## Discussion

### Impact of brewing temperature on sensory profile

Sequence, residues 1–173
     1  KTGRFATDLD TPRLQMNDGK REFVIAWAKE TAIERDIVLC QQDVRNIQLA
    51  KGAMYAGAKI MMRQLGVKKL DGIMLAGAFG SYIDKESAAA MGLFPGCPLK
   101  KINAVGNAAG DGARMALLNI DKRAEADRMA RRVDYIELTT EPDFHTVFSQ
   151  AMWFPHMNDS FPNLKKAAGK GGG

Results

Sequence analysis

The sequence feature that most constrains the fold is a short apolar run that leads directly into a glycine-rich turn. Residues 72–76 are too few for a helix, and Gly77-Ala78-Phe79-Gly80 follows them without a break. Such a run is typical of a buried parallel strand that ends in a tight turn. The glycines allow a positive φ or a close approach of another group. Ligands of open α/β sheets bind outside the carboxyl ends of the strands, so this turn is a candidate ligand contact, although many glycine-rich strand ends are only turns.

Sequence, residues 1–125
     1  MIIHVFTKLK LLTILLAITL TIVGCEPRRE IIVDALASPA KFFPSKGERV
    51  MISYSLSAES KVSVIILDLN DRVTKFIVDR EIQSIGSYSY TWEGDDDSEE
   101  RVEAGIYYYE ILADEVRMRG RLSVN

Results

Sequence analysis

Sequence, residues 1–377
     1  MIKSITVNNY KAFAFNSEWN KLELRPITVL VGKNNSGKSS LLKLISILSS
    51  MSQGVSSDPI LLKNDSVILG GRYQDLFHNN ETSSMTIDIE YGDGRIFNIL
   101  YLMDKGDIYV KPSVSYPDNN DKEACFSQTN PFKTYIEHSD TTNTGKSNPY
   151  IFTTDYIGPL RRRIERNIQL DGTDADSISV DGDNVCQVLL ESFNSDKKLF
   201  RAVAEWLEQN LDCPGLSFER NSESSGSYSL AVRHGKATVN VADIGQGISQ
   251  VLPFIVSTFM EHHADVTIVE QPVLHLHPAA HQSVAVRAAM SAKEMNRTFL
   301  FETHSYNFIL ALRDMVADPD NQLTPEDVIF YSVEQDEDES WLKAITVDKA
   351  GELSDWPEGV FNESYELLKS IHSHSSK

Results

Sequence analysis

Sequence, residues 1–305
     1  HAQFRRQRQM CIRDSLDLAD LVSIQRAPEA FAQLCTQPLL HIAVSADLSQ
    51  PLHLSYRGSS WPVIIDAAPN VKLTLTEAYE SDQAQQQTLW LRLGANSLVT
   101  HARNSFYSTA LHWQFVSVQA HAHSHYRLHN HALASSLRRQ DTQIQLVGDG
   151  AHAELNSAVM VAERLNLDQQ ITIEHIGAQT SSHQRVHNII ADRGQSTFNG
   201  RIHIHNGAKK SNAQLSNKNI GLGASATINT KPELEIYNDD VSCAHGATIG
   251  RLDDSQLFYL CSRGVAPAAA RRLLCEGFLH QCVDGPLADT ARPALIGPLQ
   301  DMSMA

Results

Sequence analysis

The most surprising aspect of the results presented here is the insensitivity to the brew temperature. MANOVA tends to be more robust to Type I error than univariate ANOVAs34 and indeed the MANOVA analysis (see Table 2) indicates no significant effects with respect to temperature up to three-way interactions. The univariate ANOVA shows only slightly different results. Figure 3 shows that of 31 tested sensory attributes, we observed only a very slight increase in one attribute, Nutty flavour perception, at the 90 °C water temperature compared to the higher and lower temperature brews. This difference in means was only one point on a scale out of 100, however, which is very small compared to the sizable differences in means noted for other attributes. Although the difference in Nutty flavour was found to be statistically significant (at p < 0.05), further testing would be necessary to confirm that this result was not simply a Type I error. Furthermore, ANOVA univariate temperature interactions were significant statistically but small in magnitude. Brown Spice flavour showed a temperature × TDS interaction, Fermented and Earthy flavours both had a three-way TDS × PE × temperature interaction, as visualized in Supplementary Fig. S1. The magnitude of the difference in each case was small (each less than 5 points on a 100 point scale). We conclude that within the range measured, temperature had a negligible impact on the perceptible sensory quality of the brewed coffee when TDS and PE were kept constant.